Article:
It seems like every financial “expert” says, “Your house is your biggest asset.” When I wrote Rich Dad Poor Dad, I said that your house was a liability. That was like spraying water on a hornets’ nest. The so-called experts lambasted me. At the time, the real estate market was skyrocketing. Everyone called me a contrarian, out to sell books. Today, after one of the worst housing crashes in US history, they aren’t laughing anymore.
Money In, Money Out
Your financial planner, real estate agent, and accountant all call your house an asset. But in reality, an asset is only something that puts money in your pocket. If you have a house that you rent out to tenants, then it’s an asset.
If you have a house, paid for or not, that you live in, then it can’t be an asset. Instead of putting money in your pocket, it takes money out of your pocket. That is the simple definition of a liability.
This is doubly true if you don’t own your home yet. Then it’s the bank’s asset, and it is working for them, but it’s not earning you anything.
So What is an Asset?
In business terms, assets are your pros and liabilities are your cons. You need assets to offset your liabilities. Once you understand the scams you’ve grown up with, it’s easier to think in those terms—to think like an entrepreneur. But what exactly are assets?
The simple definition of an asset is something that puts money in your pocket. This is accomplished through four different categories, one of which is real estate. When I say real estate, I don’t mean your personal residence, which is a liability. What I mean is investment real estate, which is a great investment because it puts money in your pocket each month in the form of rent.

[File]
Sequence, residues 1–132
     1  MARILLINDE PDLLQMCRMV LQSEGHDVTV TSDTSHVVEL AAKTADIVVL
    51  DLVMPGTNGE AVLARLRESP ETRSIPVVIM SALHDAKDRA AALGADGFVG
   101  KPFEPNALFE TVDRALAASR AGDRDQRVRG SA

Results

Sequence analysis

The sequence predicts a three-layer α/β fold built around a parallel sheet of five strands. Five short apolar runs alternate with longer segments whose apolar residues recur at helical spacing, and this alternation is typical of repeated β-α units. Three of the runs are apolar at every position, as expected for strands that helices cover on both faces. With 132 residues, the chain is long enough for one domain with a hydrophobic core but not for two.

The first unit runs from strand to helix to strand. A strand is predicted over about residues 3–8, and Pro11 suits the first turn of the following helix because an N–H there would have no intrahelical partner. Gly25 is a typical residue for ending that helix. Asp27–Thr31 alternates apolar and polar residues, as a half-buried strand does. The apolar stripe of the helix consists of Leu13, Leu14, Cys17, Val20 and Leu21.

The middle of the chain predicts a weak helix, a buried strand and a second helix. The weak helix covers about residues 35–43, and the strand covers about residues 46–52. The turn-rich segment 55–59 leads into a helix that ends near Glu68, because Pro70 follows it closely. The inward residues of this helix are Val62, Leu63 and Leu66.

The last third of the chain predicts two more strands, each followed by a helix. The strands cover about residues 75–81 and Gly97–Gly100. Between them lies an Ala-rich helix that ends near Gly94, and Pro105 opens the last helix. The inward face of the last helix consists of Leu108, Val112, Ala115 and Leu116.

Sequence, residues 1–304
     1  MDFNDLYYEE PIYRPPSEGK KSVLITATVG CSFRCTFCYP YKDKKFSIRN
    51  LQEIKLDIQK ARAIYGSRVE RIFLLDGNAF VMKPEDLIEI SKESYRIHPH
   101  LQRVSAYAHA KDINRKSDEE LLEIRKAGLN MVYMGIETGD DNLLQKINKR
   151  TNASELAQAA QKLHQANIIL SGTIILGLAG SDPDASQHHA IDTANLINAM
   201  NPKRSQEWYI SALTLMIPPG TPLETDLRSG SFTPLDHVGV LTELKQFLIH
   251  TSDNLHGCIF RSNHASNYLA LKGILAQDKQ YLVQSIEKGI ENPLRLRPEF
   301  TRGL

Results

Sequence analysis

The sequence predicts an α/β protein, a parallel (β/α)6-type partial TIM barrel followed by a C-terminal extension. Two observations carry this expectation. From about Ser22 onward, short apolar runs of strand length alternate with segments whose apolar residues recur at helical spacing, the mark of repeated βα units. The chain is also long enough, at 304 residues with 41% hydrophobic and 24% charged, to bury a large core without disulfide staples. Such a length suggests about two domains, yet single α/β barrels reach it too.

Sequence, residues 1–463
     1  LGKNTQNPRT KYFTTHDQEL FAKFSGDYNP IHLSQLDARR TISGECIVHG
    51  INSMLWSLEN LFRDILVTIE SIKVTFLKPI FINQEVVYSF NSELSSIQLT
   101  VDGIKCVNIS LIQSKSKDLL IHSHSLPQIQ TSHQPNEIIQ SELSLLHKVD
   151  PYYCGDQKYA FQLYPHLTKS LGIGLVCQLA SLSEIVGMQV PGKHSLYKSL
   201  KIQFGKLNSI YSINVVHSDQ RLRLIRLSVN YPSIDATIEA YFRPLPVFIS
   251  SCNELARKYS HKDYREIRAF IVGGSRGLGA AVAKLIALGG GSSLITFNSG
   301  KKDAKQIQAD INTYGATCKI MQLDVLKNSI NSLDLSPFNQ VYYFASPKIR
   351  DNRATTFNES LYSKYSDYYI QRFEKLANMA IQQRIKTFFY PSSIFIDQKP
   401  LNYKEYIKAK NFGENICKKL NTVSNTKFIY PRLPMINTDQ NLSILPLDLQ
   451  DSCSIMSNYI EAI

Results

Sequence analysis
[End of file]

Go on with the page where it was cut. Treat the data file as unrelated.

There are three other primary assets: business, paper, and commodities. If you are an entrepreneur or a business owner, your business is an asset. Paper assets are stocks, bonds, mutual funds, and so on.
Finally, commodities include gold, and other resources like oil and gas, and so on.
Kim and I started out making our money in real estate, putting our money to work in properties that we could rent them out and see ongoing returns. After that, we diversified, so now we have some money in all four asset classes.
Invest for Cash Flow, Not Appreciation
The scam that your home is an asset was prevalent when I first wrote Rich Dad Poor Dad. That was in 1997, and everyone’s home values were climbing. It was easy to assume that your house was an asset because it was potentially making money for you in the long run through appreciation. People bought into the scam hook, line, and sinker, taking out home equity loans to buy cars, vacations, TV’s, and more. Today, those same people are so underwater that many of them are defaulting and going into foreclosure. Most people aren’t saying their home is an asset any longer.
A lot of Americans got a fast, ugly financial education when the real estate market turned down. They realized very quickly that their homes were not assets.
The difference between my poor dad and my rich dad was a financial education. It wasn’t an education found in traditional school; it was a nuts-and-bolts, street-smart education and a way of looking at money that is true and that works —not just what the ultra-rich want you to believe.
Rather than invest for appreciation, my rich dad taught me to invest for cash flow and to treat appreciation like icing on a cake. I encourage you to do the same